ROMANS: Right, that's what everybody everyone is doing now. The keyboard is interesting. There's an interesting keyboard. I like how the keyboard works. I like how the camera works.

I asked Adrian Covert from CNN Money, hey, is this a great phone? This is what he said.


ADRIAN COVERT, CNN MONEY: They need a bigger product. This is a product that would have been great -- it would have been fine a year ago. It would have been amazing two years ago. But now, you know, the hardware and the features this phone is packing will probably be passed up by the competition in less than six months.



ROMANS: Yes, so he's a little bit pessimistic about whether this is the turnaround that RIM, now BlackBerry needs, with new creative director Alicia Keys, by the way.

But people who are BlackBerry fanatics --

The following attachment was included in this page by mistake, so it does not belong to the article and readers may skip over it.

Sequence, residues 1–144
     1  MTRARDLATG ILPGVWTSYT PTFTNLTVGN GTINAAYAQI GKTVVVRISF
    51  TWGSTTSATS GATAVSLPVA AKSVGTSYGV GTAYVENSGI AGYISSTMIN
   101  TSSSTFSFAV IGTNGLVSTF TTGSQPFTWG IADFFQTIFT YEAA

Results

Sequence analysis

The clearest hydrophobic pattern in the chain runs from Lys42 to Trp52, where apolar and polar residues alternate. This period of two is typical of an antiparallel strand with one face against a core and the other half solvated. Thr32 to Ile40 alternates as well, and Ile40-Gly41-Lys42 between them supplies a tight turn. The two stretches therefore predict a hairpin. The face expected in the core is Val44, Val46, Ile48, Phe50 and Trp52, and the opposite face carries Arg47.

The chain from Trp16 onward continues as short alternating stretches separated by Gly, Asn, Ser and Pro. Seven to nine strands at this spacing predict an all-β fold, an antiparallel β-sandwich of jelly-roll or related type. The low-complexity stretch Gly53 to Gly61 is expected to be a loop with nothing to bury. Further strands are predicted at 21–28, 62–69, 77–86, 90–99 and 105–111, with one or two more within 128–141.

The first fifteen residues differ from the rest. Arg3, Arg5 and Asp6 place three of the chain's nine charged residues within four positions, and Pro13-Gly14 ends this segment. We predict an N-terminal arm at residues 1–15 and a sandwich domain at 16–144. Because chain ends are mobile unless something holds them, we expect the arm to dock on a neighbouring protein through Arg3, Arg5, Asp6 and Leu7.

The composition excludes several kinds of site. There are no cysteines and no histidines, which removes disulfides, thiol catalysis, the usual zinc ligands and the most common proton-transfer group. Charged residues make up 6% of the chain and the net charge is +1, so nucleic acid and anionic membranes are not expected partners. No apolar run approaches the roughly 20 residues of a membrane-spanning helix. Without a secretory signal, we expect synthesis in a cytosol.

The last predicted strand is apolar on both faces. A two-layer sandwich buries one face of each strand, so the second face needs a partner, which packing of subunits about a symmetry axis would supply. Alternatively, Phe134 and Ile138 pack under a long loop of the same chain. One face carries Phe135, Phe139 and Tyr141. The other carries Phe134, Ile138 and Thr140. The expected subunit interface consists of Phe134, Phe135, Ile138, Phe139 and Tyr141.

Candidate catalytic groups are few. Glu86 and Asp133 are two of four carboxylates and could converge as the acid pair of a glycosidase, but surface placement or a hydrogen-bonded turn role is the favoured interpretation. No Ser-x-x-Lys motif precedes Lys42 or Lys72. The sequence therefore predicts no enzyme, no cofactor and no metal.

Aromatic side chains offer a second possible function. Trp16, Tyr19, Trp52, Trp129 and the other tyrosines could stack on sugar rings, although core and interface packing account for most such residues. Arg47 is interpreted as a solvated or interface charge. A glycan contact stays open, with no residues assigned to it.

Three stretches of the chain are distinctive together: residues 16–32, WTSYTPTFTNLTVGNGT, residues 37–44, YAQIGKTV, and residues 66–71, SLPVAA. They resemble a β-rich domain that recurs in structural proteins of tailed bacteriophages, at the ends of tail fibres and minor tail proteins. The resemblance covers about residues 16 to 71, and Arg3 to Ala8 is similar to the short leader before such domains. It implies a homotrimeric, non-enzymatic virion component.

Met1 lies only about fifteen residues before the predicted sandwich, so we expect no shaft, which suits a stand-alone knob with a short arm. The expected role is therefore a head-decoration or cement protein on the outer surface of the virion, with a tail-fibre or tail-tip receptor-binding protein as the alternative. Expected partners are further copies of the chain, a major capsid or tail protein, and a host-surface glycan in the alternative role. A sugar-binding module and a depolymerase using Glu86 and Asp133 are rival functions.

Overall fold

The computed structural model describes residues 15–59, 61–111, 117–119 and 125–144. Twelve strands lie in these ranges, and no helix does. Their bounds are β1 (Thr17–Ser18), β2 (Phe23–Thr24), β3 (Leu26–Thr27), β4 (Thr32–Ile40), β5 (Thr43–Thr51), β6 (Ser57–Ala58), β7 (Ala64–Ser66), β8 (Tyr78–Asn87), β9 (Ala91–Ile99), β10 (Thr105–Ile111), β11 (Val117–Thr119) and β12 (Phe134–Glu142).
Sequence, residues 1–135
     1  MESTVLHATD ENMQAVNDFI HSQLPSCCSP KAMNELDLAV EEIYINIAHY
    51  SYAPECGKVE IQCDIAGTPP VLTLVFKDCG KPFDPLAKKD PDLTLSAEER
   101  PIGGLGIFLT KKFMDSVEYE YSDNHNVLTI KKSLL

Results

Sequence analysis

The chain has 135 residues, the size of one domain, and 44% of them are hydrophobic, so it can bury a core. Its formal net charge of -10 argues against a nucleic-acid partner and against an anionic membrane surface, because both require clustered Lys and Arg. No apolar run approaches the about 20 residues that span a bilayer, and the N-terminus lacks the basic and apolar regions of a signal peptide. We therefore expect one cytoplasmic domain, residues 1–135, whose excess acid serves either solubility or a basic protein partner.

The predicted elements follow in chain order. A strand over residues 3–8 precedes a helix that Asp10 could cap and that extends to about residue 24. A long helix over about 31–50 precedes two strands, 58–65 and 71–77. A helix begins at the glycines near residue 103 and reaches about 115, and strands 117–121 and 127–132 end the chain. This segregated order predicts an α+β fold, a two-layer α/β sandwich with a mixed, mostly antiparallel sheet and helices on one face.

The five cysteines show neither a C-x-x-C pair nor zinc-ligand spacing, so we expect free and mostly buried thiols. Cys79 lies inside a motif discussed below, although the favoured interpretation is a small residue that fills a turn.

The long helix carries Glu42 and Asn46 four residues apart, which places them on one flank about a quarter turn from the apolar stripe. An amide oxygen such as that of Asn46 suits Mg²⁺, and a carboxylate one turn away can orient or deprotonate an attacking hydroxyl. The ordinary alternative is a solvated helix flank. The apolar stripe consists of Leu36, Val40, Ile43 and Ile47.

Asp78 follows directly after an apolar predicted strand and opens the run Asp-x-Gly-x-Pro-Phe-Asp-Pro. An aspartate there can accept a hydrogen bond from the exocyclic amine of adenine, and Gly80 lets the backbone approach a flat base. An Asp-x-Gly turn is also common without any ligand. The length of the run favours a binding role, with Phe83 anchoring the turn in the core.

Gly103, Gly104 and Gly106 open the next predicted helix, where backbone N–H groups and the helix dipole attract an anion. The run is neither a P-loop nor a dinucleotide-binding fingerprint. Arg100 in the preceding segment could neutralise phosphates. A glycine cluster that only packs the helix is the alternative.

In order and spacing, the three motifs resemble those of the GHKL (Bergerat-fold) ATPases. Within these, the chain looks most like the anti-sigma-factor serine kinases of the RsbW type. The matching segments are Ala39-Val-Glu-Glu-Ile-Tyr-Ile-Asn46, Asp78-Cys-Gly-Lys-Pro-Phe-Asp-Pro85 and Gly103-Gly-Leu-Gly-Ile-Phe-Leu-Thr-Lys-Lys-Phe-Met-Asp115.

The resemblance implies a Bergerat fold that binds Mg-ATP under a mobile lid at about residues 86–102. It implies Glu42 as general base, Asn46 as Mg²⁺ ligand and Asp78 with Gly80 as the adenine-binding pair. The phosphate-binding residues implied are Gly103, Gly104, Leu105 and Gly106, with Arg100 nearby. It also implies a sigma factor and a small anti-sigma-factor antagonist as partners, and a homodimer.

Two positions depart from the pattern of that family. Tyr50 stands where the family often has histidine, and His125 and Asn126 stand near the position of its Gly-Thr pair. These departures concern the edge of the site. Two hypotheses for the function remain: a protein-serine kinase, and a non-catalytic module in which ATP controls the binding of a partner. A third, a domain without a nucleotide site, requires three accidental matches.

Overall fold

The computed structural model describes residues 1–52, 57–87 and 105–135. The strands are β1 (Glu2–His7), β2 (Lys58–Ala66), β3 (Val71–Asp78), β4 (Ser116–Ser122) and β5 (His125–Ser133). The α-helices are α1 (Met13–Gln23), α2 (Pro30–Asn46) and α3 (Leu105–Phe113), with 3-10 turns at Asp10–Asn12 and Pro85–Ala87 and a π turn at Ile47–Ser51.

SAMBOLIN: But this is not your traditional BlackBerry.

ROMANS: Fanatically going and looking and trying to figure out if this is what they want.


BERMAN: A lot of the papers do have some very, very positive reviews of this device.

ROMANS: Oh, yes. It's a fun to use thing. There are some features on it that are consumer friendly, almost iPhonesque customer-friendly kind of things that, you know, BlackBerry didn't have before.

BERMAN: I'd love to use it, but Zoraida won't let me.


SAMBOLIN: It's really cool for folks who really love taking pictures. It's kind of like Instagram built in.

BERMAN: BlackBerry hog.

SAMBOLIN: Here you go.

BERMAN: Thank you.

SAMBOLIN: All right. I'll share.

Thank you, Christine.

ROMANS: You're welcome.

SAMBOLIN: In pro football, playing hurt makes you a hero to the fans but it could cost you a lot later in life. A closer look, coming up.